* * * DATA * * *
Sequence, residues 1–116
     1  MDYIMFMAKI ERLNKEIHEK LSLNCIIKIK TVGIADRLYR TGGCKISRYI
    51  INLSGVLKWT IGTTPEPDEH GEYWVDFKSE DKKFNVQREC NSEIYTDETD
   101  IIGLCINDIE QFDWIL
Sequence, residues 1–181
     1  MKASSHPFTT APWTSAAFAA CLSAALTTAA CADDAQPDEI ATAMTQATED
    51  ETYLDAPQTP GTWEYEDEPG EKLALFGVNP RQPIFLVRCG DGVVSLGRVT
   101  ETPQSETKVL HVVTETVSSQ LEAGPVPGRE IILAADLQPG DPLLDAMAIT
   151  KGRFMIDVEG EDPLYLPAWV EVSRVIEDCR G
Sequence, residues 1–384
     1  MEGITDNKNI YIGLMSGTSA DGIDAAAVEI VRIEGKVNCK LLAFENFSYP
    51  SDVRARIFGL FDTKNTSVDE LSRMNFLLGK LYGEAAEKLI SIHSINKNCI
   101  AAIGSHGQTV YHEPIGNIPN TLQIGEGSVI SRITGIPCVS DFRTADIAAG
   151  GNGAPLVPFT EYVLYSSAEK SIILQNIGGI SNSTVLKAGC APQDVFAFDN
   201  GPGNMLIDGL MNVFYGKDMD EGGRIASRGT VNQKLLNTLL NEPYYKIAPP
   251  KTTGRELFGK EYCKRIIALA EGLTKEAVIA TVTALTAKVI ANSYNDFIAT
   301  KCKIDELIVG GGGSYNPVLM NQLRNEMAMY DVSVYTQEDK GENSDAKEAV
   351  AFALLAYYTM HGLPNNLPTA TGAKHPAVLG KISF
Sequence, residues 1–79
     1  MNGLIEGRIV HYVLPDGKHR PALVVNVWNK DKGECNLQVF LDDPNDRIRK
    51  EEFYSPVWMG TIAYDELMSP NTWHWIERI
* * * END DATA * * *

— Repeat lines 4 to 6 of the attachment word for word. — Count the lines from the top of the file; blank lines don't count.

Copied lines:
   101  IIGLCINDIE QFDWIL
Sequence, residues 1–181
     1  MKASSHPFTT APWTSAAFAA CLSAALTTAA CADDAQPDEI ATAMTQATED